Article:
Edgar Allen Poe, who penned many of his poems on Charleston’s Goldbug Island, eloquently opined, “Beauty of whatever kind, in its supreme development, invariably excites the sensitive soul to tears.” Perhaps this is why Charleston’s breath-taking beauty and invigorating spell frequently turns tourists into full-time residents. Relocating to Charleston, SC is both tremendously exciting and terribly overwhelming. The NV Realty Group Charleston Relocation Guide will help you navigate the different cities, communities, schools, hospitals, attractions, and recreational activities so that you can narrow your home search and discover a lifestyle that distinctly defines your personality.

Before you begin your journey, take time to learn more about Charleston’s complicated past and complimentary present. Understanding the Holy City’s history will shed light on why so many people move to Charleston and so few people ever leave. The storied history, the contemporary culture, and the kind people provide a brief sketch of Travel + Leisure magazine’s number one city in the US and number two in the world -- Charleston, South Carolina!


A seaport settlement, Charleston, whose name was derived from King Charles II, was founded in 1670 by British colonialists and quickly became a wealthy hub as a result of cargo ships, cotton fields, and rice farms. Surviving periodic pirate raids and attacks from Spain and France, Charleston created plans for civic square in 1680 to ferment its government. Now known as the four corners of law, the intersection between Meeting and Broad Streets represents federal, state, local, and church governance. The church, St. Philip's Episcopal (1752), is Charleston’s oldest church and is still an active worship sanctuary today.

During the American Revolution (1776-1785), British Loyalists fought to siege Charleston but the town held its ground and, under the commands of General William Moultrie, Francis Marion, and Andrew Pickens, the militia successfully fended off subsequent invasions. Following the war, Charleston continued to expand its plantation-based commerce and Antebellum-style architecture. The port carried West African slaves who were able to teach white farmers how to cultivate rice on coastal soil. Additionally, these Gullah people brought their own traditions, customs, and recipes to the region. After emancipation, many of the Gullah descendants opted to stay in the Lowcountry, thus gifting South Carolina with a rich cultural heritage.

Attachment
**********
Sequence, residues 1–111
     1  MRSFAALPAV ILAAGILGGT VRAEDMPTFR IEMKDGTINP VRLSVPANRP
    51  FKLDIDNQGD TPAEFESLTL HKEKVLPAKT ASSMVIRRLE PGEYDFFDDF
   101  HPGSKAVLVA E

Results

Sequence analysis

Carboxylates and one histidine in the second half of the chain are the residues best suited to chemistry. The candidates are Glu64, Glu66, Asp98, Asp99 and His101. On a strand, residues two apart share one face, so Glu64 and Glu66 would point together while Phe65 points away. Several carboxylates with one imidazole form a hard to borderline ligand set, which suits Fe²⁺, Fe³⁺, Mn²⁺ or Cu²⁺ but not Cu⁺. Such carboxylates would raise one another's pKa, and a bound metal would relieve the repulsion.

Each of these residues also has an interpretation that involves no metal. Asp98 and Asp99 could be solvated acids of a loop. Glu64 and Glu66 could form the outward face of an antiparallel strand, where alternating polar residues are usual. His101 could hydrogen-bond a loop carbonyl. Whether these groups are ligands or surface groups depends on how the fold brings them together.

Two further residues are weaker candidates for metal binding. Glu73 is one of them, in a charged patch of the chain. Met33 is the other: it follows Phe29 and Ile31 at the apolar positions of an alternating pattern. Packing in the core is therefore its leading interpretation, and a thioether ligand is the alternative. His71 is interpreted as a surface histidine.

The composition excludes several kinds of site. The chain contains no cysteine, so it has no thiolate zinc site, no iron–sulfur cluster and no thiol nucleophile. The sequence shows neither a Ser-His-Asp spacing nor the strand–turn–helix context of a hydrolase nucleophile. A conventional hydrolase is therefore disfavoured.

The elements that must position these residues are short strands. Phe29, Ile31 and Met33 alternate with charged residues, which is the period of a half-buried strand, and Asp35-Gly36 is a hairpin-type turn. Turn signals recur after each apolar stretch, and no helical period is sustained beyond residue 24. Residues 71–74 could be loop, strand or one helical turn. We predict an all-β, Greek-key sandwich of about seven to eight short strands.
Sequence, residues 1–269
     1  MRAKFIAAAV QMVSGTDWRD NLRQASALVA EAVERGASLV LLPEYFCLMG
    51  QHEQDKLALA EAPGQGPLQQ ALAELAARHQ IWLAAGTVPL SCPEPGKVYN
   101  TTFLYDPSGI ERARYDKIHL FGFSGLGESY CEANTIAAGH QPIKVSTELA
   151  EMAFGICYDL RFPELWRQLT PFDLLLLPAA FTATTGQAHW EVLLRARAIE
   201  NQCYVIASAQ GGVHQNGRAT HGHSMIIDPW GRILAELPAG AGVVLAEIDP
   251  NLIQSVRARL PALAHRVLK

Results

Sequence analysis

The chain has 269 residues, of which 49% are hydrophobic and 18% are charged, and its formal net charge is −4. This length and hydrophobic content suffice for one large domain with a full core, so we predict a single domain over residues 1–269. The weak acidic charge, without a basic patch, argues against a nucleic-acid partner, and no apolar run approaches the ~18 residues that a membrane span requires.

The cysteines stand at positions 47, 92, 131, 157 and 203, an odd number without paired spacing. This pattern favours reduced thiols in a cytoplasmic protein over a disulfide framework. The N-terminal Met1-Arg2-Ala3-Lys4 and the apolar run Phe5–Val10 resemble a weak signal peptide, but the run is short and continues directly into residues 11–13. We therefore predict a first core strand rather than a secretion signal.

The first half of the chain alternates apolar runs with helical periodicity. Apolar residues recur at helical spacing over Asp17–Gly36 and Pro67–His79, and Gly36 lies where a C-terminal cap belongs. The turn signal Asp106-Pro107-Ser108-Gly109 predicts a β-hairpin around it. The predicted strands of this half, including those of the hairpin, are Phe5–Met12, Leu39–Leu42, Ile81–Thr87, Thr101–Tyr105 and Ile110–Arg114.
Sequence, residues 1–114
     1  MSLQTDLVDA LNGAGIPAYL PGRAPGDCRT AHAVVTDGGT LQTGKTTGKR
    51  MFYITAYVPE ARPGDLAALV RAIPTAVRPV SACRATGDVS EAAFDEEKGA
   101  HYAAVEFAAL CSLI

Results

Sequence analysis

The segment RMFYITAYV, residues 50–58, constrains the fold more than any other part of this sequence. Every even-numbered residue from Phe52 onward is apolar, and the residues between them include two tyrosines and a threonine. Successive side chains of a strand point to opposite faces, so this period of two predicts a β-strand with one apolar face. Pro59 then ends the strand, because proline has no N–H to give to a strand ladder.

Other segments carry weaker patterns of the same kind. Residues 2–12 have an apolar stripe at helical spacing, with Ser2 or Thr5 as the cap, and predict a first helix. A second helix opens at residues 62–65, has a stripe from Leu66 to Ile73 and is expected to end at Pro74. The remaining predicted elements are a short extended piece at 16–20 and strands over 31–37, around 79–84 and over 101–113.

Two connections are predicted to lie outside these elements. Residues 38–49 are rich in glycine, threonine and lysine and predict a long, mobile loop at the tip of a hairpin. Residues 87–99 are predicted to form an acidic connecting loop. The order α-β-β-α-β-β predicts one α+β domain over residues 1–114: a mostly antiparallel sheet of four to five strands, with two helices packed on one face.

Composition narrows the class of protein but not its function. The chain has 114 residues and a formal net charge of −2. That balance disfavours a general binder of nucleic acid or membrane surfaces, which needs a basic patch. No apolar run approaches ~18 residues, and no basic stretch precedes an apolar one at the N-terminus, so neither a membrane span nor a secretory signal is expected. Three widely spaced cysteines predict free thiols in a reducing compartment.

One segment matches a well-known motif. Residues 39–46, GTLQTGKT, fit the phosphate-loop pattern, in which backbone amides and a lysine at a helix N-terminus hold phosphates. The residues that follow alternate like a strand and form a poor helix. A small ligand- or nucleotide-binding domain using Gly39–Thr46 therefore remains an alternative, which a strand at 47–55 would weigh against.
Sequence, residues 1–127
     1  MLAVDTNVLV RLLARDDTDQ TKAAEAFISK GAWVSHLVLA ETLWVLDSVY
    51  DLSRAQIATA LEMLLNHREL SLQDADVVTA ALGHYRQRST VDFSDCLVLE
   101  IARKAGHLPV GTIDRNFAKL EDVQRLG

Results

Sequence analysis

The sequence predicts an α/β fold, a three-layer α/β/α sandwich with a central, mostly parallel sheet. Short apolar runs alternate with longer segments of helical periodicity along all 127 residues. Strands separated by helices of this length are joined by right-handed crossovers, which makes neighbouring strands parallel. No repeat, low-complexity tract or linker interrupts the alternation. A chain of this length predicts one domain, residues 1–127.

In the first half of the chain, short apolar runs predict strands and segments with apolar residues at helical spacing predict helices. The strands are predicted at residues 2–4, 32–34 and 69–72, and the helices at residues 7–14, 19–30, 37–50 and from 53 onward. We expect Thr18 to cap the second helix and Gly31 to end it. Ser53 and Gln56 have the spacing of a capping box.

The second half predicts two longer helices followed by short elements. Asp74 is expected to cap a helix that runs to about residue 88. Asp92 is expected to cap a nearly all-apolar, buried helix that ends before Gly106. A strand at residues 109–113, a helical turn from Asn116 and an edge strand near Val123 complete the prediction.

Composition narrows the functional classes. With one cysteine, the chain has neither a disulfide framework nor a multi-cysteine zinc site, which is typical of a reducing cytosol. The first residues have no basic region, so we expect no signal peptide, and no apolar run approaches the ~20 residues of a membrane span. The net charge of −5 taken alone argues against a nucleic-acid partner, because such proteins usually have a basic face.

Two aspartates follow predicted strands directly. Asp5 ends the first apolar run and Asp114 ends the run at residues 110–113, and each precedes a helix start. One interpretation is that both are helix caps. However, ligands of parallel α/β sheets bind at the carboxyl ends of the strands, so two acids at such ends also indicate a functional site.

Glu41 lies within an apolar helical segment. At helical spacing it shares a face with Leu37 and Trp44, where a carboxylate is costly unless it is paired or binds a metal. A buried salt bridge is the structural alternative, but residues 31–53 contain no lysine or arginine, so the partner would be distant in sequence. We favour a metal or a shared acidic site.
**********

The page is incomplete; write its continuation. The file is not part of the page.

Charleston was once again a focal point during the Civil War (1861-1865), with the Citadel cadets firing the first shots against the Union’s vessel, Star of the West. Union troops used Fort Sumter as a base to fight Confederate soldiers, who were ultimately defeated. During the war, Charleston withstood a great fire, and, in the years after the war, suffered a massive earthquake (1886) and a catastrophic hurricane (1989). Both natural disasters nearly ruined Charleston, yet somehow the southern town survived and resurrected itself as the Holy City, with its magnificent church steeples stretching higher than any other downtown infrastructure.


Charleston’s culture can be summed up in three words: food, fashion, and fun. With more than 250 restaurants, Lowcountry foodies enjoy an eclectic mix of southern cuisines, most crafted with local, organic vegetables, seafood, and livestock. Famed establishments such as Husk, High Cotton, and Halls Chophouse require advance reservations, while funky dives like the Tattooed Moose, Leon’s Oyster Bar, and Coast lean towards an easy “sit at the bar until your table is ready” atmosphere. With a style that is as multifarious as the local menus, Charleston fashion is signature southern with a sprinkle of casual bohemian. Seersucker pants and bow ties are a summer staple for the gentlemen, while swingy sun-dresses and Palm Beach sandals are always in season for the ladies. Charleston fun ranges from pub crawls on King Street to International theater and dance troupes at Dock Street Theater during the annual Spoleto and Piccolo Spoleto festivals. The local music scene rivals Nashville, with artists crooning country-rock tunes or soulful sounds of jazz and acoustic blend. With a relatively calm climate year round, residents enjoy outdoor recreational activities such as fishing, kite-boarding, golfing, biking and strolling on the beach. An active and artistic town, residents in Charleston are never lacking in entertainment.  


From Darius Rucker to Stephen Colbert to Bill Murray, Charleston is home to a host of famous singers, entertainers, writers, and athletes. These Charleston born celebrities are quick to point out the humbleness and graciousness of their hometown. In fact, Travel + Leisure repeatedly awards Charleston as one of the most polite and friendliest cities in America, accolades that are met with a sheepish smile and tip of the hat by city residents. Historically the pillar of politeness and Emily Post style etiquette, Charleston has more recently become popular because of its resolved reaction in the wake of tremendous tragedy. The horrific 2015 massacre at the Mother Emmanuel AME Church downtown brought Charlestonians to their knees. In this posture, the community demonstrated unwavering unity and the victims’ families extended forgiveness and grace in the face of bigotry and racism. Pictures of people walking the Ravenel Bridge, holding hands, and singing “This Little Light of Mine,” truly capture the sense of community and overflow of kindness that makes this dilettantish southern town so incredibly unique.     

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